The Telugu community settled in California has founded the first U.S.-based university for Indian performing arts. The University of Silicon Andhra (UofSA) offers Masters, diploma and certificate programmes in Carnatic music and Kuchipudi dance. The university is a natural progression of its namesake, the Silicon Andhra Association, a popular cultural organisation promoting Telugu language, literature and Indian arts among Telugu-speaking people settled in the United States.
The non-profit UofSA, which has the necessary approvals to accept students who have completed their Class 12 from across the country, became functional on January 30 from a 25,000 sq ft building in Milpitas, a gateway to California and situated on an important highway.
The ‘hybrid’ teaching programme includes both virtual lessons from expert India-based faculty and weekend onsite classes and study planning. “We are fortunate to have eminent faculty with doctorates in Carnatic music and Kuchipudi dance. Faculty of reputed institutions in Hyderabad and Chennai came to the University of Silicon Andhra for a week in January to conduct an orientation programme,” CEO and president of the university, Anand Kuchibhotla, a resident of San Jose, told The Hindu .
Fourteen students from ten States have enrolled for the two-year Masters programme; the year-long diploma and certificate programmes have 12 and 10 students, respectively. The courses are meant for students furthering their interest in the arts, and experienced artistes looking to teach them. Eventually, in about 5-10 years, the university may move to a larger campus, with courses in ‘mainstream’ programmes such as computational logistics and biotechnology, says Mr. Kuchibhotla, who has held senior management positions in Fortune 500 companies.
Of cultural identities
Asked about his motivation behind setting up the Silicon Andhra Association and University, Mr. Kuchibhotla narrates of his journey to the land of opportunities.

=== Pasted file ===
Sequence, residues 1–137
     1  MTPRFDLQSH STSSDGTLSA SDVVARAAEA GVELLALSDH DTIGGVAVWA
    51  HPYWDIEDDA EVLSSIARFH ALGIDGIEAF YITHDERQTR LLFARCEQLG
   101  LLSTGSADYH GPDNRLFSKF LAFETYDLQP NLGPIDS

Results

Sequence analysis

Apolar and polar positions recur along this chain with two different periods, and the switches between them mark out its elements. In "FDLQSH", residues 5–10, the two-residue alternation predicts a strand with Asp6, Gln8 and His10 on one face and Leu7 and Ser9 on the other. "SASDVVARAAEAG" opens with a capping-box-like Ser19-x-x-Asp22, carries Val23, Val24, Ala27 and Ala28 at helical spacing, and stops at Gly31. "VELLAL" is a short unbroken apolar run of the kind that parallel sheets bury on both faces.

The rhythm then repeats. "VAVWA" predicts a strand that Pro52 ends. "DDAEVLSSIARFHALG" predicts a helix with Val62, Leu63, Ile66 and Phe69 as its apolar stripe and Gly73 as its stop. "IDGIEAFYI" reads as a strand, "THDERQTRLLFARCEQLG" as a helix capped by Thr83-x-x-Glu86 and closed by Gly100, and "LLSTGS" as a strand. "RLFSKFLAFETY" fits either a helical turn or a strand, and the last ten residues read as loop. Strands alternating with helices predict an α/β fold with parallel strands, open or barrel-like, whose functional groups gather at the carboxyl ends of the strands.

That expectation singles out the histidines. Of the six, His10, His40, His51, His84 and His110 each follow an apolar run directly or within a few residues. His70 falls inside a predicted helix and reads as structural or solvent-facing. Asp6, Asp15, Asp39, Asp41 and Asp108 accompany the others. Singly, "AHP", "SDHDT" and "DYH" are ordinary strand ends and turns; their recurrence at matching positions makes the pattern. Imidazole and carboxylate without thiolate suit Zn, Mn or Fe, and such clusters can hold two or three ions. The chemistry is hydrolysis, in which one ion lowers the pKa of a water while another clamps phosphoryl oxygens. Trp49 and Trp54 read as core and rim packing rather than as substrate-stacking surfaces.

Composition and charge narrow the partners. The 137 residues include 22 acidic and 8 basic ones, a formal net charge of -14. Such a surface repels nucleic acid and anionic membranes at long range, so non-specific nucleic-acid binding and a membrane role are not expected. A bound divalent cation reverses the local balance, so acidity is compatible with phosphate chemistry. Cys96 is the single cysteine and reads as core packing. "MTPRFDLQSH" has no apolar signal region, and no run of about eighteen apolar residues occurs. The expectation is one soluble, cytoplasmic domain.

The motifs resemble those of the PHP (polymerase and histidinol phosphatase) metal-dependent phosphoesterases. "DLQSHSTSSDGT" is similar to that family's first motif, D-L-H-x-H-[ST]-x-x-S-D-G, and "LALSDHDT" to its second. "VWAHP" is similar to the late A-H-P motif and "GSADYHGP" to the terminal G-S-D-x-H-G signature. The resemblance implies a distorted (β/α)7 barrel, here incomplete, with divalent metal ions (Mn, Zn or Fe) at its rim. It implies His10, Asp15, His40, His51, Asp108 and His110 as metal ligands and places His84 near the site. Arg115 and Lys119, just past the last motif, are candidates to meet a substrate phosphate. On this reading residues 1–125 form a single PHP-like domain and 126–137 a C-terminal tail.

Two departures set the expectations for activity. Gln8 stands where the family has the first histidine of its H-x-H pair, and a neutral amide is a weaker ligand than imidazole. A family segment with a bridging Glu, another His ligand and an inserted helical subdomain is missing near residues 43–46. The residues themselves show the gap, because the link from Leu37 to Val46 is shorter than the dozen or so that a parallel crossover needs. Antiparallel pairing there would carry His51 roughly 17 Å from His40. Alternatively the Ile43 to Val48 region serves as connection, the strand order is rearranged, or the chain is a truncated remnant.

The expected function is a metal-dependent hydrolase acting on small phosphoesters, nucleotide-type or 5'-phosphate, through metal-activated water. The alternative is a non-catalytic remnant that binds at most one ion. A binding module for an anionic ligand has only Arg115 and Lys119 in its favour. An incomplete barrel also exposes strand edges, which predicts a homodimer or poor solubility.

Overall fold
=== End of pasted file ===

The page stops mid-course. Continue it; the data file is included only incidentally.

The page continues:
The native of Machilipatnam in Andhra Pradesh arrived in the U.S. three decades ago, chasing the American dream but remaining passionate about Indian fine arts and Telugu culture, an interest that was obvious in other families there. Thus he founded the Silicon Andhra Association (SAA) in 2001.
“The U.S. is one country that encouraged immigrants to retain their cultural identity even while blending with the mainstream. You have Chinatown in every major U.S. State. There is American Jewish University, Islamic University and Oriental Studies Centre,” he points out.
“Indian fine arts, music and dance forms are rich in content and form. But there is no world class journal promoting their study, in-depth research and a new understanding. Only an invigorating university system can encourage teaching, research and publication to enrich and enhance the ancient art forms and knowledge,” Mr. Kuchibhotla says.
SAA’s first educational initiative was ‘Mana Badi’ (‘Our School’) weekend programme in 2007, which taught the basics of the Telugu language to children born and raised in the U.S., and has since expanded to 18 States.
The UofSA became a reality after the concept struck a chord within the Indian Andhra community in California and a $ 1 million donation from philanthropist and physician Hanimireddy Lakireddy.